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The Kuna Yala

Updated: Apr 8

The San Blas Islands are the home of the Kuna Yala Indians. Although part of Panama, the Indians are afforded certain autonomy from the central administration and, for many aspects, practise self government. A practical example is that a Panama cruising permit does not cover the full Panamanian coastline. A separate cruising permit is needed for this area with the revenue going directly to the Indians. There are estimated to be around 300,000 inhabitants spread over the hundreds of islands. Each small area has its 'Sahila' or leader. They still use dugout canoes (both paddle and sail powered) and rely heavily on fishing and agriculture.
The area itself is beautiful, maybe even a paradise. But big differences exist between the eastern end compared to the west near Porvenir. Further east the anchorages are characterised by mangroves, mud and murky waters. There are few cruisers, and the Kuna Yala culture is richer. We only got as far as Snug harbour but friends who explored the eastern end extensively, told us that, in the eastern end, there is more effort to keep their traditions alive.
Further west, the Kuna people have made trading with cruisers an important part of their economy. They ask local mooring fees, sell fish, lobster, octopus, vegetables and molas (fabric based artwork).

And the reason the cruisers tend to stick to the west is that the anchorages are 'picture perfect' with tropical islands laced with palm trees and lines with beautiful beaches.
The one common factor between the whole area is the preponderous of reefs, inaccurate charts and navigational hazards everywhere - all unmarked (we found a rock not even on the Bauhaus charts). It is imperative to get into an anchorage whilst the sun is still high and visibility is good. There is no other way to see the dangers which may be lurking just below the surface.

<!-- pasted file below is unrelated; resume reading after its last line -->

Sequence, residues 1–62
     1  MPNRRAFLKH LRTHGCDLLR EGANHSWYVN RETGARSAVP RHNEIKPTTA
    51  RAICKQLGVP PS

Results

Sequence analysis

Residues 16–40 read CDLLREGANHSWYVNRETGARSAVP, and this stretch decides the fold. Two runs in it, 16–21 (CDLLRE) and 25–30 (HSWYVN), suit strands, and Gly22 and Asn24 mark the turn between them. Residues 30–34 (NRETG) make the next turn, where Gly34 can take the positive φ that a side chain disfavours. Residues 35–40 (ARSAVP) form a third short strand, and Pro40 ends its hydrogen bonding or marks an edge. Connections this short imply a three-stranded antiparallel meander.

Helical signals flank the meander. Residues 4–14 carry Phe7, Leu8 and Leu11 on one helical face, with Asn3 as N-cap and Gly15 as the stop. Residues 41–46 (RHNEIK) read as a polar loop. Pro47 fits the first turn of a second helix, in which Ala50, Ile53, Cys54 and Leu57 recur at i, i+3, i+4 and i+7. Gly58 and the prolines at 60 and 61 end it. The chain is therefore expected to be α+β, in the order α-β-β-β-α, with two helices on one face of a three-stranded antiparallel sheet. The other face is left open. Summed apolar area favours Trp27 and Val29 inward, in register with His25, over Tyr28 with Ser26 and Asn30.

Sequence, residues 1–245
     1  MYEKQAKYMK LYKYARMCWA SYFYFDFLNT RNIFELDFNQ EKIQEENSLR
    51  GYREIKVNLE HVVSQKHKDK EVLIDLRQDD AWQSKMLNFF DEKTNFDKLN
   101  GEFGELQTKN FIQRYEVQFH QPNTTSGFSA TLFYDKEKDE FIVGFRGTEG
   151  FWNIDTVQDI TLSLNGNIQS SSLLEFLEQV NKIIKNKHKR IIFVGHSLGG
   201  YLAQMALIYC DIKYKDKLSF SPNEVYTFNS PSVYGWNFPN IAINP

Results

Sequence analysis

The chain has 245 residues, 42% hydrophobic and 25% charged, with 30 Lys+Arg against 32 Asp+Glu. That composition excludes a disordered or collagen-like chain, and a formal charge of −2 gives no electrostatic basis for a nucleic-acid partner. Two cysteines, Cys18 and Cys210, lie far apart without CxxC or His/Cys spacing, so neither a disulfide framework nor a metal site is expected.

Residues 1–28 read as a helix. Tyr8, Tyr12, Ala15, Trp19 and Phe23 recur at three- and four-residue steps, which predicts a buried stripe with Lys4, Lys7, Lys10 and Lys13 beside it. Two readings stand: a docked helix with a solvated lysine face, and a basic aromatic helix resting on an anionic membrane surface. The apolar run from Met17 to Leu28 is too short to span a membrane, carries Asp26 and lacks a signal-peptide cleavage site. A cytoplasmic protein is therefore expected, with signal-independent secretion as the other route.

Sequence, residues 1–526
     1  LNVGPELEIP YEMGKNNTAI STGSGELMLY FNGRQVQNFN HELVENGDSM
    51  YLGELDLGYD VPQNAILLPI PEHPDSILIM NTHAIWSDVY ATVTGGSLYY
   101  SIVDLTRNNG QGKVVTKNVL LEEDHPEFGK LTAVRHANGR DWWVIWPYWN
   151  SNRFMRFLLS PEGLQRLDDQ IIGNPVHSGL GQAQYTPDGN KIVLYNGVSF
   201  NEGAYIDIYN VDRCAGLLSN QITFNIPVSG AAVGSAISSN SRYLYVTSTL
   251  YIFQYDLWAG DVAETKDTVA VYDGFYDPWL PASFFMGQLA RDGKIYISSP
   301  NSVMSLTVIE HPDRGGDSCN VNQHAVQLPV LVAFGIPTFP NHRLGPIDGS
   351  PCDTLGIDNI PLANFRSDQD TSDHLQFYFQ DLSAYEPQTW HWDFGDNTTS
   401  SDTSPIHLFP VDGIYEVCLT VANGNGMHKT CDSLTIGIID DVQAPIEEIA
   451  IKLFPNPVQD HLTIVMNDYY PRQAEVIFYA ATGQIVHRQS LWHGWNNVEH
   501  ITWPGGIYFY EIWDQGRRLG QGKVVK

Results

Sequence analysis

The eastern end is also more accessible, being only 40nm from Linton Bay. During our stay there we met people who had spent six months in the San Blas islands, periodically returning to Linton Bay for fuel, provisions (e.g. meat), to collect or drop off new crew/guests or to effect repairs. Thanks to the five weeks we lost repairing our solar arch, our visit was more fleeting. Having been measured in Colon, our transit was scheduled for 14 days later. We needed 2 days to get there and back, leaving just 10 days to cruise the San Blas.

After Linton Bay, our first stop was Chicheme, close to Porvenir. There was little wind and, with the aforementioned 16.00 arrival deadline, we ended up motor/sailing more than half of it. The entrance between two reefs is no more than 30m wide but, once inside, you are surrounded by islands or reefs for 300 degrees, so it was like anchoring in a millpond. Like most of the anchorages, it was so flat that Annick was able to do yoga on the aft deck. Very impressive. Of course, we were not the only cruiser there.
The next morning we headed for Cayos de Hollandes (Holland Keys). Again, wind was light but it was only 20nm so we managed it under sail. This was another beautiful location with another relatively tricky entrance to work your way in to the 'Swimming Pool'. Some of the locals had established a small, outdoor restaurant which is highly recommended. You could not ask for a better view
We wanted to get as far east as possible with our limited time. Isla de Pinos was our goal. But again, the wind was light and we even had to use the engine to get to Snug harbour. This was the first anchorage where we were the only boat there. The bay was huge. We felt quite isolated. Slightly further south there used to be coal bunkering (storage of coal and refueling station).
After Snug harbour we decided to head back west. We probably could have reached Isla de Pinos but it would have been a rush and we wanted to be sure we had enough time to complete preparations for the canal crossing. In any case, there are literally hundreds of beautiful anchorages to explore further west.
Our first stop was Iguana Island. It was a little exposed but the winds had been light so we did not expect any issues. Cue wind! By 15.00 we had 20-25 knots and the boat was rolling enough to tell us we had to move. Fortunately we only had 3nm to go to Sabodupored, probably my favourite stop.
After that we found another lovely anchorage off Waisaladup (first photo) before visiting Green Island, famed for great snorkelling and lots of sharks!
The water was clear and so we also used the time to properly clean the hull, keel and rudder.
I did this last in Bonaire using scuba gear. The rules to get into Galapagos are very stringent with hefty fines if they find even one barnacle on the boat (invasive species). Now I had to do the same task but free diving. Swimming down 2m and holding your breath long enough to do some meaningful work is not obvious at my age. But, splitting the task into 6 one hour sessions spread over two days got the job done. Of course, the task will need to be repeated as we approach Galapagos. But at least I have convinced myself that I am able to do it.

We still have a few days left before heading back to Linton Bay to acquire Jerry cans, fill up gas botttles, re-fuel and pick up our line handler volunteers. the transit on March 31st is getting closer.

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